It’s (maybe) war – and Euronews Culture gives you an idea of what could escalate into something very, very bad indeed.
Until recently, the biggest tea brawl between the United Kingdom and the United States was the Boston Tea Party of 1773, which saw a group of patriots throw entire shipments of tea into the sea to protest the British tea tax. precious infusion.
Now a whole new storm is brewing… And it’s hard for some to take this rapidly escalating diplomatic conflict with a pinch of salt.
“Or is it?” as an American scientist might ask.
Professor Michelle Francl, of Bryn Mawr College in Pennsylvania, started the par-tea by claiming to have found the secret to making the perfect cup of tea, going so far as to write a book, “Steeped: The Chemistry of Tea”, published by the Royal Society of Chemistry.
He reportedly read more than 500 articles from the chemical literature on tea chemistry, studied the chemical secrets behind a good cup, and conducted his own experiments.
Francl’s findings led her to some of the following conclusions:
- People should use a “short, sturdy cup” as they have less surface area, so keep the tea hotter.
So far so reasonable. Get ready.
- People should opt for leaves over tea bags.
Sip, sip, hurray.
- Warm milk should be used to reduce the risk of curdling.
- Do not use the microwave to heat water as this leads to the formation of something called “tea scum”.
Preach! We have loved you for a long time! However, let us never dwell on the term “tea scum” again.
- Adding a small splash of lemon juice removes the “foam” that sometimes appears on the surface of the drink.
Here she is again with the scum. Get to the Nurofen, because that image isn’t going away anytime soon.
- Remove the lid when drinking from a to-go cup, because the aroma of the tea is just as important as the taste.
This is gold. Solid gold. Francl considered a presidential candidacy?
- Add a pinch of salt to the infusion to “reduce the bitterness”.
Wait. Sorry, now what?
Yes, it goes up. The usually granulated mineral composed mostly of sodium chloride that enhances the flavor of whatever you have on your plate. That salt?
Francl says the sodium ion in salt blocks the chemical mechanism that makes tea bitter. And this suggestion is far from new. The salt-in-tea trick apparently dates back to the 8th century. The ingredient is mentioned in ancient Chinese manuscripts, and with our understanding of the chemistry, Francl says that by adding a pinch of table salt, tea lovers (or cu-tea, as we prefer to be called) will counteract the bitterness of the drink . .
The chemistry is confirmed, but what happened to sugar and its anti-bitter properties?
It’s always good to keep an open mind and all that. But why jeopardize the taste of what is nothing short of a cultural institution?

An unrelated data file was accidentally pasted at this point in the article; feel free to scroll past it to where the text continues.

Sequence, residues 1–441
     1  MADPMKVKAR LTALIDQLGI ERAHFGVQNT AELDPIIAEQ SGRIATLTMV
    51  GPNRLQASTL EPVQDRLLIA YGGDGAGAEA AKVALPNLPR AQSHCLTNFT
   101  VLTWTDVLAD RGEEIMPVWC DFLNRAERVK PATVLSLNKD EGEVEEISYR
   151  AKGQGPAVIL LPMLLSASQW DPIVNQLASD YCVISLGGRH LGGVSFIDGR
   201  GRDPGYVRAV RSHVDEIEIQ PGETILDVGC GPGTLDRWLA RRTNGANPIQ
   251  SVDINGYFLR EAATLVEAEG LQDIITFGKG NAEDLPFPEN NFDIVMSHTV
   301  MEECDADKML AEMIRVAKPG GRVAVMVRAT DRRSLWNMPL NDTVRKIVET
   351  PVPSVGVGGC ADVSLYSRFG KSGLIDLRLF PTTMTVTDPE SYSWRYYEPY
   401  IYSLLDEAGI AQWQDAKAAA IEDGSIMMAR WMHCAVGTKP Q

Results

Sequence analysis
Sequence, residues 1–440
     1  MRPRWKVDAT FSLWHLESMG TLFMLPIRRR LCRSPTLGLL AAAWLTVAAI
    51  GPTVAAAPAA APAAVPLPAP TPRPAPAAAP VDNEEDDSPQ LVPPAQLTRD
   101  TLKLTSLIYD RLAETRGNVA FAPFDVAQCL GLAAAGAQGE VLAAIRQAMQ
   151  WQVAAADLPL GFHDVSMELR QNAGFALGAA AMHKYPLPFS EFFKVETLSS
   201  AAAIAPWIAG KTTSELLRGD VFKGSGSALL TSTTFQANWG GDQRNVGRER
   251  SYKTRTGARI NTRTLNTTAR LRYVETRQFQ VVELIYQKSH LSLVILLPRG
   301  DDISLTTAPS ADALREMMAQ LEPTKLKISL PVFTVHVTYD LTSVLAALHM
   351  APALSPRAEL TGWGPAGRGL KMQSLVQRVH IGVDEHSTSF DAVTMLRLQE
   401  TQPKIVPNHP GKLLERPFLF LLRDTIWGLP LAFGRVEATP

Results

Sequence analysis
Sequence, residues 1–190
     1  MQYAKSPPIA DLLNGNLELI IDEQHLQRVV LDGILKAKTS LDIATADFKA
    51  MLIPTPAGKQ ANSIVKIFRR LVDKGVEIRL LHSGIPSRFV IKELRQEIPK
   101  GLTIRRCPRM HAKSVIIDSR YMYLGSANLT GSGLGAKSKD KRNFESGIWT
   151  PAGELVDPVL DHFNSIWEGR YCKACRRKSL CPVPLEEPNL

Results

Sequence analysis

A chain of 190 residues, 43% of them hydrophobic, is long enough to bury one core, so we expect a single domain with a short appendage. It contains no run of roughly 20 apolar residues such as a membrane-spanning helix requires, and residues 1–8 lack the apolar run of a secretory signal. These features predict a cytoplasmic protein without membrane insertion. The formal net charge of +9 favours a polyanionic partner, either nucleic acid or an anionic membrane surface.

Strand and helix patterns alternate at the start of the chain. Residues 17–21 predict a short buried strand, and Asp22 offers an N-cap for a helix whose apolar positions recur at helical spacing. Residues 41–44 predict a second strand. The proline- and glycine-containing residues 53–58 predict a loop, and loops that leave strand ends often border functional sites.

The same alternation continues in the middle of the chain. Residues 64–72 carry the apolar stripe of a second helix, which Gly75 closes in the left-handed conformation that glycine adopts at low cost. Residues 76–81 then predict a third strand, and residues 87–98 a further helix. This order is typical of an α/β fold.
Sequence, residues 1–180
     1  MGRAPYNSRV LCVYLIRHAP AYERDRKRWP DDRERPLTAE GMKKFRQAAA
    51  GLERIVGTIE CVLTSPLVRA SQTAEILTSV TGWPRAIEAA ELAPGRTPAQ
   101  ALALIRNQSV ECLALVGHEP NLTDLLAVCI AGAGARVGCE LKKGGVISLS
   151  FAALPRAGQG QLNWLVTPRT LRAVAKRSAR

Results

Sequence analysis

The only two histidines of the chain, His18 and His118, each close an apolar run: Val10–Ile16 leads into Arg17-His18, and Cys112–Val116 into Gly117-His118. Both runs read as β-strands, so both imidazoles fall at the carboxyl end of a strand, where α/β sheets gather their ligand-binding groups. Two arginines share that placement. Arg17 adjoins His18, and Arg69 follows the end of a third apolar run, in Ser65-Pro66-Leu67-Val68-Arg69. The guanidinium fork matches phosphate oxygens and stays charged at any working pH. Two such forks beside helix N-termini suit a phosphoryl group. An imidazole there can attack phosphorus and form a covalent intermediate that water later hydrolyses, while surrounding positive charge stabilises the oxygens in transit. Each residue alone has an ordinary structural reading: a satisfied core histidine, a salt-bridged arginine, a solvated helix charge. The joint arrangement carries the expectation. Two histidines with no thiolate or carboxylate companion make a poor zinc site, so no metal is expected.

Diplomatic balm gone wrong
Francl’s book, as you can imagine, is raising eyebrows in Britain. You could say it caused quite a stir.
His research has been widely reported in the British media, and some of the comments from readers who failed to appreciate the “you-do-you” nature of peaceful living are priceless.
The comments section of the extremely conservative (to remain charitable) British tabloid Daily Mail has gone into (predictable) meltdown. It all sounded like the crazy ramblings of outraged lunatics on the verge of emotional breakdown.
Our favorite? One outraged reader wrote: “As if we needed Americans’ help making tea. Who do you think you’re talking to, the French?”
Woah there, petal. Keep the French out of this. They didn’t ask for anything. They prefer coffee for breakfast and don’t want to be included in this nuclear-level shitstorm. Plus, they grill beautifully with generous amounts of garlic. Yum.
Sensing that an escalation was on the horizon, the US embassy in London intervened by publishing an official – but light-hearted – statement to calm things down and maintain the “Special Relationship”.
“Today’s media news about an American professor’s recipe for the ‘perfect’ cup of tea has put our special bond with the UK in trouble,” the post began.
Damn them, that hot water pun should have been ours. Well done.
The embassy said tea is “the elixir of camaraderie, a sacred bond that unites our nations,” adding: “We cannot stand by as such an outrageous proposal threatens the very foundations of our special relationship.”
The post solemnly reassures a shocked country: “We therefore want to assure the good people of the United Kingdom that the unthinkable idea of adding salt to Britain’s national drink is not official US policy. And it never will be.”
“Let us unite in our deep solidarity and show the world that when it comes to tea, we are one.”
Phew, crisis averted and all is well again.
But wait. If the official statement had ended there, that would be it. However, and significantly more controversially, the US Embassy added this greeting: “The US Embassy will continue to prepare tea the correct way – heating it in the microwave.”
*Second record scratch*
The sweet Mother of Hades in a descent of Camellia sinensis!
Way to escalate things further, Land of the Free and Home of the Brave.
Fiasco not averted, SNAFU assures, and Professor Michelle Francl is now on the side of the angels.
At the time of publication, the UK has not declared war on the US, and we at Euronews Culture are committed to keeping our readers updated on any further developments regarding the two G7 countries and their endangered ties.
We will nervously drink large cups of tea to deal with the anxiety of impending (and at this point, let’s face it, inevitable) conflict – tea, we assure our readers, that we will prepare using a kettle. Because we are not pagan maniacs and would rather drink gasoline from the spout than dirty a good cup by exposing it to electromagnetic radiation in the microwave frequency range.
Your move, American Embassy. It’s tea bags at dawn.
“Steeped: The Chemistry of Tea,” by Professor Michelle Francl is now available.